"Just go back to sleep," they said, as the rag was placed over my mouth. The abuse was real, as I was silenced in every way possible, and I felt that it was warranted. Truly, my mind was bent and my heart was twisted in such a real sense that I am still recovering from it. "I deserve this," said I, "for I have failed. I am human, and I just don't understand something." However, the haunting truth was that I really believed that they were the ones that were wrong, and that their religion was not representative of my own faith, despite the realization I would only come to later that what they represented was so connected to what I did that a true revolution was impossible. The presuppositions were too rigid. This is why those in religions that are out to cause real change are always referred to as "radical," meaning back to the roots, or "reforming," similarly meaning returning to the true nature of that religion.

Some say that a sufficiently disciplined mind can compartmentalize contradictory pieces of information. I believed, truly, that I was correct because I was called to be special by God, and that I was also worthless, useless, and alone. For some reason, these things went together into a martyrdom I can only describe as capture-bonding. This is more well-known as Stockholm Syndrome.

What happens when a person endures this for long enough? They break. They either become a complete shell of who they were, accepting the continual abuse of their soul placidly, or they develop a problem with the authority so casually invading their very person, and they decide they've had enough. My study of church history took this to a whole new level, as I realized that Christianity, the faith I was raised to believe in, came about from some incredibly violent historical circumstances, and that this abuse of people had been taking place since the very beginning. My study of the hero archetype of Jesus was the last piece of this puzzle, and it made the claim that the story of Christ was more important than the historical reality of his existence (or non-existence) make a lot of sense. If I may borrow from one of my favorite shows, "all of this has happened before, and it will all happen again." If the story of Christ was not unique, and the story of the church is a power struggle like many others, with the occasional idealistic and great figure emerging to make it about good things, then what is unique to the faith I was raised in, morally, historically, theologically, philosophically, politically, or in any other way?

It all comes down to a question: who do you trust?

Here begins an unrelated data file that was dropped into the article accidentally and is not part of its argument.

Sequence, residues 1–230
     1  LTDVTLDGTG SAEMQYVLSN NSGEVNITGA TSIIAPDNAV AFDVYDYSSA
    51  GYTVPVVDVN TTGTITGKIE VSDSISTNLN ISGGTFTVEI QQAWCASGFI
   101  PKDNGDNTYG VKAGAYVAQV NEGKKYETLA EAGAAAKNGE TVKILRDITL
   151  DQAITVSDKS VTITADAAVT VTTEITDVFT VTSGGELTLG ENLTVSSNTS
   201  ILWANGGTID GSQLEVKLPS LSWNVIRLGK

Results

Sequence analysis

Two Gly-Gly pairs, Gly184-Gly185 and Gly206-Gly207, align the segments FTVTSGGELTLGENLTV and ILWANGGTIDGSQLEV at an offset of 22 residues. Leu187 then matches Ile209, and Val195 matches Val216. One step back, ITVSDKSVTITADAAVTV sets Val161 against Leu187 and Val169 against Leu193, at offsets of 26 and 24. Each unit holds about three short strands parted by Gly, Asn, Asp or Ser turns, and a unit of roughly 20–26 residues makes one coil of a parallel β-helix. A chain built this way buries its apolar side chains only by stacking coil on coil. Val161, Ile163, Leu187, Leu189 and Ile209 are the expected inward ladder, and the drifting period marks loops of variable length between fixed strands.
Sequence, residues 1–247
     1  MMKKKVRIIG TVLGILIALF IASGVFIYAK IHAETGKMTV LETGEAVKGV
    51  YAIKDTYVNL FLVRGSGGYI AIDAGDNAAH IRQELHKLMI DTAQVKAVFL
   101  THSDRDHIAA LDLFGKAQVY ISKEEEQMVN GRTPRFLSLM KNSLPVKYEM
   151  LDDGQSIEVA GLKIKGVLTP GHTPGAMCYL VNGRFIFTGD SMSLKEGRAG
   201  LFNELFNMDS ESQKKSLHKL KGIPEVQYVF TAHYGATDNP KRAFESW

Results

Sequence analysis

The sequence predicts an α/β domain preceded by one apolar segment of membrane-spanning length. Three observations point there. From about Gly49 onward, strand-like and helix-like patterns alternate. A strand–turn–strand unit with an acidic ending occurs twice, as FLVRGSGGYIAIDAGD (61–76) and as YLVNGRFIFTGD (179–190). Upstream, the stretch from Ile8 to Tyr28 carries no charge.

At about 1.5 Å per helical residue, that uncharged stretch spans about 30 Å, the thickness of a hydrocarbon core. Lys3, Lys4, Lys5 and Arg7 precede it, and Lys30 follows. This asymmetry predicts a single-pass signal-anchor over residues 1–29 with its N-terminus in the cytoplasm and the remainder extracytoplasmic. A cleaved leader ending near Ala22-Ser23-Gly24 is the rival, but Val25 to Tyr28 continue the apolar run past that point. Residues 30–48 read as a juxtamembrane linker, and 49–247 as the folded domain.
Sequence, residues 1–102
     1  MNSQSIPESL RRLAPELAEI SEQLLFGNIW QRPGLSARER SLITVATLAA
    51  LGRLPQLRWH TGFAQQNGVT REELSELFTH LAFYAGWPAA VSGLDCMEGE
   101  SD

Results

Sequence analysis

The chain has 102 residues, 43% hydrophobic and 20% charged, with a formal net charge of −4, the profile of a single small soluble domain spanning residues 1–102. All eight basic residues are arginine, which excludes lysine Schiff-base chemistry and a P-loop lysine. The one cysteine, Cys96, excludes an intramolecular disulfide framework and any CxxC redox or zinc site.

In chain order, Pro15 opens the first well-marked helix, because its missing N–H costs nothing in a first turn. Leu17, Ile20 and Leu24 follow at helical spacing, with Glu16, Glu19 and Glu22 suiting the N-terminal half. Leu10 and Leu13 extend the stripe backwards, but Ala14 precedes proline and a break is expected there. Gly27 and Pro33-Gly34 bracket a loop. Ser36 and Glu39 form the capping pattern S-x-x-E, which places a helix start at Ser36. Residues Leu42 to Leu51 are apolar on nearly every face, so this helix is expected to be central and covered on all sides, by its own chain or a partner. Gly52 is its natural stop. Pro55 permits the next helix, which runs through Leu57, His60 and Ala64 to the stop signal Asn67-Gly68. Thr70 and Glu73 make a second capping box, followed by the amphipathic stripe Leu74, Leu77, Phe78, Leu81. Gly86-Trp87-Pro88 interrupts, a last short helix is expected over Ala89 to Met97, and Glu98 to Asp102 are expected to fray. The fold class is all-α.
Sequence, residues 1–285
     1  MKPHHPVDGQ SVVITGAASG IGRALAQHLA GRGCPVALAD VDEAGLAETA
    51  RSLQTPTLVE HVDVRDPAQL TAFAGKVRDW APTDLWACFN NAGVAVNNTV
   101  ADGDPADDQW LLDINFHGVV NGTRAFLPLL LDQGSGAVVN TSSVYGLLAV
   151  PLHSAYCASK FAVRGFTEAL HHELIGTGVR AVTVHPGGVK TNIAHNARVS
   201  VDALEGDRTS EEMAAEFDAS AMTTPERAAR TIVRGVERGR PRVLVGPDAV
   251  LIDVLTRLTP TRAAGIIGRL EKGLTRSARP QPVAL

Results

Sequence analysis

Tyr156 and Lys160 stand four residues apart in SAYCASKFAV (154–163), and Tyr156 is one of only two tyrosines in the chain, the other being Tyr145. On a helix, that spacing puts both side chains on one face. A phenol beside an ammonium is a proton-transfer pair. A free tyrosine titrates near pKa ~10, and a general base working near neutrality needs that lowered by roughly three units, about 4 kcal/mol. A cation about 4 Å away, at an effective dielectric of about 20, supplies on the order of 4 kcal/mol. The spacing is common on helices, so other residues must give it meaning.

Once again, we are back to people. The people I trust are of all different faiths, all different backgrounds, and they are all so uniquely human.

So the last great lie I was sold that I had to reject, "the smile when you tore me apart," was that I am, and am meant to be, alone. I am not meant to be alone. I do not know if God exists or if he does not, but every religious experience I have had so far I can soundly attribute to people. Whether that is authority, friendship, love, public experiences of "worship," or family, I can attribute the things that move my soul to people, and to people alone.

My friends, I must confess that I am tired of imposing loneliness on myself, and I refuse to do it anymore. I love people, and they frustrate me so much sometimes because I believe that we can be better. No one thing can cause this, but I wish to become better by listening, by being open with people, by learning, by arguing, by discussing and philosophizing and enjoying music and art and literature and absurdity and laughter and beauty. I wish to grieve with others, to be a conduit for comfort to the hurt and the downtrodden, and to be a voice of realism to those that feel they must continue to hurt themselves to be acceptable. It is so unnecessary.

I can no longer say I have faith in the supernatural God that I was raised to believe in. What does this make me? I have no idea at the moment, other than to say that I am still the same person I have always been. I am still a critical thinker, I am still absurd and awkward and hilarious, and I am still something of an idealist. I still respect the possibility of a god, but I also deeply respect agnosticism, pantheism, atheism, polytheism, monotheism, and those who don't want to bother with any definition or framework to represent their thoughts. This is because they represent something to the people who believe in them, and that fascinates me.

So faithless I may be, but that does not mean I am different or have lost my ideals. If a god does exist that I will meet one day, it is the person I am that he will see, and judge, if that is even what will happen. However, I choose to live like I have one life, and I wish to make it count in real ways.


  1. I cannot put to words how well written this is. Having gone through similar internal struggles years ago, and facing the fear of how those I love would react; I am proud of you and envious of the elegance in which you were able to do so.

    1. Thank you very much. I highly appreciate this. It is very comforting knowing that I am not alone.